Date of Award

5-2008

Level of Access

Campus-Only Dissertation

Degree Name

Doctor of Education (EdD)

Department

Educational Leadership

Advisor

Dianne Hoff

Second Committee Member

Richard Ackerman

Third Committee Member

Michael Cormier

Additional Committee Members

Janet Fairman

Owen Maurais

Abstract

This study explored the reasons that principals who hold superintendent certification do not seek superintendencies. Specifically, it examined how Maine principals formed their perceptions of the superintendent's role, what perceptions they have formed, what motivated them to attain superintendent certification, and what factors deterred them from applying.

A sequential mixed-methods design was used for this study. Survey data were collected and descriptive statistics were used to report results for aggregate data in the form of frequencies of response for survey items, as well as disaggregated data by demographic variables, including gender, age, and level of school supervised. Qualitative methods were employed as the primary data collection method. Six participants were interviewed twice and transcripts were analyzed to surface patterns and themes.

The findings of this study showed that participants were motivated to attain the superintendent certificate primarily because they saw it as the next logical step in preparing for future career options, rather than out of passion to seek the role. They formed their perceptions of the superintendency by direct observation of their own superintendent and through a superintendent internship experience. They perceived the superintendency to consist of increased political pressure, being too far removed from students and staff, and having greater evening commitments than the principalship. Other factors that were named as deterrents from applying included toll on family, stress, and satisfaction with current job. Even though participants had some negative perceptions of the superintendency, they all were confident they could do the job.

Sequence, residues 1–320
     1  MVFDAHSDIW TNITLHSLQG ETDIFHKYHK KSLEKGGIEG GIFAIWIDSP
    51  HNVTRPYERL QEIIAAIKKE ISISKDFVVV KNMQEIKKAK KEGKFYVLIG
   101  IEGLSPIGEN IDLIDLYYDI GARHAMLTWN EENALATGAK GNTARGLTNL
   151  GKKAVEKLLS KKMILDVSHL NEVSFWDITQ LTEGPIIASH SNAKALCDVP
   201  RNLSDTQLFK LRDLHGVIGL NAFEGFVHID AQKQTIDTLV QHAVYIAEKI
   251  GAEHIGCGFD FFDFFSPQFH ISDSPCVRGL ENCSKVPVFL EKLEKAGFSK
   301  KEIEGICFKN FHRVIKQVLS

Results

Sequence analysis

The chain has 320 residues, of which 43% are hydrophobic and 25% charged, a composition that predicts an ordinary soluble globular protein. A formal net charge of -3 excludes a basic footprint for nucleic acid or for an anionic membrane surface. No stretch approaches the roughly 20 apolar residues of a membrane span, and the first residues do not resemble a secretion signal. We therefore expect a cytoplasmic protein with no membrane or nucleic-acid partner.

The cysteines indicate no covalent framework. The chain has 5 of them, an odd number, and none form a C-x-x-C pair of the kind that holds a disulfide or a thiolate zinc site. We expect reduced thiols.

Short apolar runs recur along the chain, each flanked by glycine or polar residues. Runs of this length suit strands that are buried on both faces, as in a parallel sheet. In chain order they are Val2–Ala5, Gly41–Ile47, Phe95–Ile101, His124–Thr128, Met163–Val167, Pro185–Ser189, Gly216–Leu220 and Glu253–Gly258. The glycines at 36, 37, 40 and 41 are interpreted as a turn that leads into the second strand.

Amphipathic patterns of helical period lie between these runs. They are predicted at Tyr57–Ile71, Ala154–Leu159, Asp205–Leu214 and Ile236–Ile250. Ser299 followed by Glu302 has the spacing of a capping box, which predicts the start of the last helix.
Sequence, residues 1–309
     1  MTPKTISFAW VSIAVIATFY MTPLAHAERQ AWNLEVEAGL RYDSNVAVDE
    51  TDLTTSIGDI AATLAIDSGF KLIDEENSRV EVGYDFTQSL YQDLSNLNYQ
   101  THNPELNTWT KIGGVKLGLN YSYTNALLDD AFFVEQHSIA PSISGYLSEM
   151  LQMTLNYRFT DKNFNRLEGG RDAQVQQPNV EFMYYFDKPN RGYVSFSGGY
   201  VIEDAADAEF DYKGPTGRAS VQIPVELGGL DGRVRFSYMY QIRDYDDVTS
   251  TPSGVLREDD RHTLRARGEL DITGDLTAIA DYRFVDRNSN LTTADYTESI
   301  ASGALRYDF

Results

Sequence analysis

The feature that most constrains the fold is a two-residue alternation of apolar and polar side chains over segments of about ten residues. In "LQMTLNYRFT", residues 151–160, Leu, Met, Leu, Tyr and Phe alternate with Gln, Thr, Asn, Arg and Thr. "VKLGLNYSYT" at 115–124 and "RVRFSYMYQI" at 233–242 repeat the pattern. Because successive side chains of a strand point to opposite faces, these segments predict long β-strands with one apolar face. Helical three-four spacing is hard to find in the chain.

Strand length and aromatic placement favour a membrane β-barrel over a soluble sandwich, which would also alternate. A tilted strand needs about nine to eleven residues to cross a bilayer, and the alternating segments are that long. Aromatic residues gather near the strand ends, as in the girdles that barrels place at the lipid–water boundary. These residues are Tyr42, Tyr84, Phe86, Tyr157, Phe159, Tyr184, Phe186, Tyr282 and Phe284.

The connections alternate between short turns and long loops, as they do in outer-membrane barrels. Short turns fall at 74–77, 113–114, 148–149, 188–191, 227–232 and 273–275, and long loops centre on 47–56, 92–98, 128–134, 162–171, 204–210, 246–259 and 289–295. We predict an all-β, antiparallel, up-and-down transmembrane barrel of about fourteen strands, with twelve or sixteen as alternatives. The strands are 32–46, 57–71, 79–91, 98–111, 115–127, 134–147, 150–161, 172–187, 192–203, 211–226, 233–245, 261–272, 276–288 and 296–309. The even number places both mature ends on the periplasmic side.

The conclusions of this study showed that participants are not seeking the superintendency because of three factors: 1.) limited perspective on the superintendent's role, which is not providing them with a true representation of the job; 2.) negative perceptions about whether the job was a good fit for them, personally or professionally; 3.) the timing had not been right to make the career change. Any or all of these factors may cause an individual not to seek the superintendency.

The results of this study has implications for aspiring superintendents, university leadership preparation programs, school districts, and policy makers at the local, state, and national level.

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